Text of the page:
S. Beyaz et al. / Acta Orthopaedica et Traumatologica Turcica 51 (2017) 393e397395Table 2Results of multivariate cox regression method to determine important factor on survival probabilities.VariablesMedian value [minemax]HR [95%CI]PAgeBMI (kg/m2)HbA1c (%)Sedimentation (mm/h)CRP (mg/L)BUN (mg/dL)Creatinin (mg)Oral antidiabetic using time (year)Insulin using time (year)DM time (year)65 [20e101]29 [18e49]8.8 [4.3e15.9]95 [8e204]128 [3e469]32 [7e144]1.34 [0.26e90]10 [1e30]7 [1e25]18 nt at 0.05 level.insulin increased the mortality rate 1.109-fold (95% CI, 1.036e1.188),whereas the use of OAD and the duration of DM had no effect on themortality rate (Table 1).It was found that performing revision surgery after a previousamputation of the same extremity, the inclusion of above-kneeamputation, BMI, duration of diabetes, peripheral arterial disease(PAD), performing an embolectomy, and ESR, CRP, creatinine, andHbA1c blood levels had no signiﬁcant effect on mortality (Tables 1and 2). Previous small and/or middle joint amputation has nocorrelation with above or below knee amputation (Table 2).DiscussionAgainst a background of changing treatment options for limbsalvage, we aimed to review the effect this has on mortality ratesfor the population who go on to have a transtibial amputation.The mortality rates reported in this study demonstrated thefrailty of the population, with 16% of people dying within 30days. In a similar study, lower rates have been reported inScandinavian studies with 19e30% of people dying in the ﬁrstmonth after LEMA,8e10 while in other comparable western populations, this is reported to be much lower, around 10%.11,12 It hasFig. 1. Kaplan Meier survival estimates after a ﬁrst lower knee amputation.been suggested that LEMA in people with vascular disease mightbe performed as pain relief at the ﬁnal stages of care.10 Investigation of underlying inﬂuences from health services, surgicaldecisions and patient motivations behind decisions to amputatemight help to explain some of the differences in post-operativemortality rates between studies. As an example, a poorer mortality outcome has been found when there are in-hospital delaysin decision-making because the patients in our immediate regionare mostly unwilling to have amputation surgery and resort toalternative therapies.Diabetic nephropathy is the most important cause of renalinsufﬁciency in both developed and developing countries.13Moreover, the amputation rate of lower extremities is six timeshigher in patients receiving hemodialysis compared with thosewho do not,14 and it was also found that the life expectancy ofpatients receiving hemodialysis therapy to be 1.5 time shorter thanthose not receiving treatment. Previously, mortality rate was 1,56fold increased with elevated serum levels of BUN ( 35 mg/dl),which supports our current data.15DM patients have a strong correlation between blood glucosecontrol and the development of diabetic foot ulcers.16 Hyperglycemia is known to interfere with the migration, adhesion, phagocytosis, and opsonization of leucocytes.17 When other factors areeliminated, a 1% elevation in the level of HbA1c is reported to increase the PAD risk by 28% (95% CI, 12e46).18 This same studyshowed that when the main causes of death were considered to bevascular, a shorter lifespan was expected in patients with elevatedHbA1c levels and PAD; however, they reported that neitherparameter contributed to the expected lifespan. Previous studiesreported that patients with HbA1c levels over 7.5% (58 mmol/mol)had increased amputation rates of 20%e54%.6,19,20 On the otherhand Winskley et al found a relationship between high HbA1clevels and mortality (HR: 0.73; CI, 0.56e0.96).21 In the presentstudy, no correlation was observed between HbA1c and mortality.However, the mean HbA1c value in the study was 8.8% (73 mmol/mol), which is 17% higher than 7.5% HbA1c value. This conditionwas commented on as severe ﬂuctuations in the blood glucoseregulation in the last three months of a patient.Despite the known relationship between patient mortality andthe occurrence of lower extremity major amputation for diabeticfoot problems, data regarding the effects of amputation level on themortality of a patient are limited. In the present study, no signiﬁcant difference was found in mortality of 240 patients who underwent smaller and/or middle bone - joint amputation prior tobelow-knee amputation and the 132 patients in whom aboveknee amputation was required. Several studies have investigatedthe efﬁcacy of disease duration, regulation of blood glucose level,HbA1c level, blood levels of BUN, CRP, and ESR, BMI, additionalcomorbid diseases (renal insufﬁciency, congestive heath failure,and hypertension), smoking, sex, and age on estimating the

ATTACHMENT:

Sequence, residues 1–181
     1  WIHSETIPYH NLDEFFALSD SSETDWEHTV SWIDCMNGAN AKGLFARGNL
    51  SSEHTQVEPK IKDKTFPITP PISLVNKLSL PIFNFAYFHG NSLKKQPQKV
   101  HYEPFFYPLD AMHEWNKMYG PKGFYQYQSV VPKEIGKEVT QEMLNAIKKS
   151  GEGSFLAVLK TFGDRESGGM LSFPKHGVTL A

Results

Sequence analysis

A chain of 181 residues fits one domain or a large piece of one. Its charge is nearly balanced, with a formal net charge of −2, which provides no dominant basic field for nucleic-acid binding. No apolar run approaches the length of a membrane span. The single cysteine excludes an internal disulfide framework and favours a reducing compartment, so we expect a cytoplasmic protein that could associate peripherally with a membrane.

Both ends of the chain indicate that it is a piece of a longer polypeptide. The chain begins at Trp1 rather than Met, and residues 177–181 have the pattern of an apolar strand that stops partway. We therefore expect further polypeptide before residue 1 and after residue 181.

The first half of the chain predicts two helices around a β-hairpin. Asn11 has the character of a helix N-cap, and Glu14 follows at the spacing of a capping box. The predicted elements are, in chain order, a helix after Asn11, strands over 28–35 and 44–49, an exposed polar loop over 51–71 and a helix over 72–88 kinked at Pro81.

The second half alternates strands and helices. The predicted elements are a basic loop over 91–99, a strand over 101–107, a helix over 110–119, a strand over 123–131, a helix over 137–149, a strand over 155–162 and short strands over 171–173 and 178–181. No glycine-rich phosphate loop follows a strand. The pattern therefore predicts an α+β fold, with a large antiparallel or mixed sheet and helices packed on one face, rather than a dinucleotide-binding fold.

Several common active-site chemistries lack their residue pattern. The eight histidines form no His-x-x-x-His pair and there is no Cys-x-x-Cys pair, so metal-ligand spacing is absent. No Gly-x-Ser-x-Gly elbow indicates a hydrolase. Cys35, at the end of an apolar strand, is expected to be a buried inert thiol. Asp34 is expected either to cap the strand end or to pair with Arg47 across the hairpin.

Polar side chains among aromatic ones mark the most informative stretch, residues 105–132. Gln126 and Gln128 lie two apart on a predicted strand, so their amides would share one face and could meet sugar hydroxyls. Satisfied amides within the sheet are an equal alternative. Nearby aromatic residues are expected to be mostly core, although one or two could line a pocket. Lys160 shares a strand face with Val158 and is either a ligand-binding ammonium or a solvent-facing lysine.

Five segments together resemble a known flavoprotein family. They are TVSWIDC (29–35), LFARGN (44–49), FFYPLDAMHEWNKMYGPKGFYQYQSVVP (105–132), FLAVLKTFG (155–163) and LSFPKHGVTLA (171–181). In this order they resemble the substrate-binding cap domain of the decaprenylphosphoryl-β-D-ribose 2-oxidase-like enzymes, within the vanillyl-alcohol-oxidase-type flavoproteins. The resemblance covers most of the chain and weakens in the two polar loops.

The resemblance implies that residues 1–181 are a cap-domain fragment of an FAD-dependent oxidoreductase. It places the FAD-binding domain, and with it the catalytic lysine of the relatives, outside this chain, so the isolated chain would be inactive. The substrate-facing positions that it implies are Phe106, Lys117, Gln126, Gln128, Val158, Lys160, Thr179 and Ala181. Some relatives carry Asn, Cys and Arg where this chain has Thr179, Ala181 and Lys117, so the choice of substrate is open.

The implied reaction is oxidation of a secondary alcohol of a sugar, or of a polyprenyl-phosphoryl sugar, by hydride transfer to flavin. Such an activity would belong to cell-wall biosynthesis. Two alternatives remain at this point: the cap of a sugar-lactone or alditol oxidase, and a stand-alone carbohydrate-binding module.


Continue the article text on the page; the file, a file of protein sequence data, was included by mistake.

396S. Beyaz et al. / Acta Orthopaedica et Traumatologica Turcica 51 (2017) 393e397progression of ulcer lesions in the feet of diabetic patients.22e26 Inthe present study, indicators such as ESR and CRP had no signiﬁcanteffect on mortality.Previous studies have shown that patients with high BMI levelshave a high mortality rate. Ilavska et al reported that immunological dysfunction is higher in patients with high BMI. This dysfunction was reported to cause an increase in mortality as a result ofdelays in wound healing and being unable to prevent sepsis. In thesame group of patients, it was found that major vascular problemswere higher and contributed to mortality.27Won et al reported 1-year mortality rates of patient with diabetic foot ulcers who did and did not undergo amputation as34% (n ¼ 114) and 3% (n ¼ 167), respectively.6 Fortingtonet al determined life expectancy to be 25 months in patients whounderwent lower extremity major amputations, compared with20.7 months in patients with non-diabetic vascular disordershowever, this is not statistically meaningful.5 They reported that22% of patients died during the postoperative 30 days and that 44%died in the ﬁrst year after surgery. They found that the patient's age,location, previous peripheral vascular interventions, and history ofcerebrovascular disease negatively affected early and late mortality,while renal failure and cardiovascular disorders affected late periodmortality. In the present study, survival rates were 90%, 84%, and64% in the ﬁrst 7 days, 30 days, and at the end of ﬁrst year,respectively.In the present study, the number of male patients was higherthan that of female patients. Although some previous studies reported no difference between the occurrence of diabetic foot ulcersand sex, others state that the diabetes-related amputation rate ishigher in male patients.22,28,29 The reason for the high rate in maleshas been suggested to be the negative effects of bad lifestyle habitssuch as alcohol consumption and smoking, and poor foot care,which are worse in men than in women.20,22 So absenteeism ishigher among men, ulcerations will take longer to recover, andulcers are more likely to end in amputation.30 These results indicated the potential need for the health care system to devise aprimary care strategy that will help ensure that men with diabetesreceive good care.PAD was present in approximately half of all patients admittedto hospital with diabetic foot problems in a previous study.31 Thevalue of endovascular intervention in recanalization lower extremity arterial occlusion is currently under debate.32,33 In thepresent study, the life expectancy was found to be 60% higher inpatients who had undergone peripheral endovascular interventioncompared with those who had not. The decision to take an endovascular intervention is made by the interventional radiologist.Considering DM pathology at the cellular level, it was expectedthat the disease duration would have an effect on patient survive;however, this was not the case in the present study. The meanduration of DM was found to be 18 years. The patients' mean agewas 64,2 years. It was diagnosed during their late 40s.Previous studies have shown that the compliance with thetreatment of diabetic patients has been steadily decreasing over theyears, While OAD therapy, diet and exercise, a ﬁrst step in diabetestreatment, cause fewer ﬂuctuations in blood glucose levels, insulintherapy led much and higher and more common ﬂuctuations inpatients. We detected that a 1-year increase in the duration of 10year OAD and 7-year insulin usage increased mortality by 0.9- and1.1-fold, respectively. Age was another factor shown to increasemortality in the study. It was observed that a 1-year increase in ageincreased the mortality by 1.034-fold.Diabetic foot problems are the visible effect of ﬂuctuations inblood glucose on the all of the body over time. When this causescomplications in the lower extremities, the effects on the cerebraland cardiac systems are greater, which is the main reason formortality. Additionally, the strong relation between infection andhyperglycemia decreases the overall survival time.The present study is the most extensive to date to investigatepatients who underwent below-knee amputations because of diabetic foot. It shows the effect of preoperative parameters on patientlife expectancy. Nevertheless, it had a number of limitations. First itis retrospective. The presence of co-morbid diseases, ASA riskvalues given by anesthesia, the duration of dialysis in patientsreceiving dialysis therapy, educational status, or the causes of deathduring amputation were not investigated. Further studies aretherefore necessary to overcome these limitations.ConclusionUntreatable foot problems in diabetic patients that can bedetected early while being indicative of a more serious problem.The present study shows that life expectancy was less than median3 years in diabetic patients having clinical ﬁndings and requiringbelow-knee amputation. Age, sex, and renal insufﬁciency appear tobe key factors in determining the length of the survival period ofthese patients.Disclosure ethical approvalThis study was approved by Başkent University InstitutionalReview Board and Ethics Committee (Project No.: KA16/172). Thisarticle does not contain any studies with animals performed by anyof the authors.FundingThis study was supported by the Başkent University ResearchFund.Conﬂicts of interest ır declareSalih Beyaz, Ümit OzgürGüler and Gülay Şimşek Bagthat they have no conﬂict of interest.References1. Rathur HM, Boulton AJ. The diabetic foot. Clin Dermatol. 2007;25(1):109e120.2. Shojaiefard A, Khorgami Z, Larijani B. Independent risk factors for amputationin diabetic foot. Int J Diabetes Dev Ctries. 2008;28(2):32e37.3. Yesil S, Akinci B, Yener S, et al. Predictors of amputation in diabetics with footulcer: single center experience in a large Turkish cohort. Horm (Athens).2009;8(4):286e295.4. Frykberg RG, Zgonis T, Armstrong DG, et al. Diabetic foot disorders. A clinicalpractice guideline (2006 revision). J Foot Ankle Surg. 2006;45(suppl 5):S1eS66.5. Fortington LV, Geertzen JH, van Netten JJ, Postema K, Rommers GM,Dijkstra PU. Short and long term mortality rates after a lower limb amputation.Eur J Vasc Endovasc Surg. 2013;46(1):124e131.6. Won SH, Chung CY, Park MS, et al. Risk factors associated with amputation-freesurvival in patient with diabetic foot ulcers. Yonsei Med J. 2014;55(5):1373e1378.7. Singh N, Armstrong DG, Lipsky BA. Preventing foot ulcers in patients withdiabetes. JAMA. 2005;293(2):217e228.8. Eskelinen E, Lepantalo M, Hietala EM, et al. Lower limb amputations inSouthern Finland in 2000 and trends up to 2001. Eur J Vasc Endovasc Surg.2004;27(2):193e200.9. Kristensen MT, Holm G, Kirketerp-Moller K, Krasheninnikoff M, Gebuhr P. Verylow survival rates after non-traumatic lower limb amputation in a consecutiveseries: what to do? Interact Cardiovasc Thorac Surg. 2012;14(5):543e547.10. Remes L, Isoaho R, Vahlberg T, et al. Major lower extremity amputation inelderly patients with peripheral arterial disease: incidence and survival rates.Aging Clin Exp Res. 2008;20(5):385e393.11. Davenport DL, Ritchie JD, Xenos ES. Incidence and risk factors for 30-daypostdischarge mortality in patients with vascular disease undergoing majorlower extremity amputation. Ann Vasc Surg. 2012;26(2):219e224.12. Subramaniam B, Pomposelli F, Talmor D, Park KW. Perioperative and long-termmorbidity and mortality after above-knee and below-knee amputations in